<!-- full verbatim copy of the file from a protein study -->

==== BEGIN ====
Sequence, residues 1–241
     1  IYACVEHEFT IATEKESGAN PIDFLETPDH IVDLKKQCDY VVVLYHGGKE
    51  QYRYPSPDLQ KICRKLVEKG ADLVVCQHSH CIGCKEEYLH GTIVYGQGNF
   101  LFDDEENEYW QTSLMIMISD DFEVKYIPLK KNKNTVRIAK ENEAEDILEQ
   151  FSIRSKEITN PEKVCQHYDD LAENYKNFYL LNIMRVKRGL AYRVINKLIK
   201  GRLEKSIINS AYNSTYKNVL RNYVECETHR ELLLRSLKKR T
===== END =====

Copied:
Sequence, residues 1–241
     1  IYACVEHEFT IATEKESGAN PIDFLETPDH IVDLKKQCDY VVVLYHGGKE
    51  QYRYPSPDLQ KICRKLVEKG ADLVVCQHSH CIGCKEEYLH GTIVYGQGNF
   101  LFDDEENEYW QTSLMIMISD DFEVKYIPLK KNKNTVRIAK ENEAEDILEQ
   151  FSIRSKEITN PEKVCQHYDD LAENYKNFYL LNIMRVKRGL AYRVINKLIK
   201  GRLEKSIINS AYNSTYKNVL RNYVECETHR ELLLRSLKKR T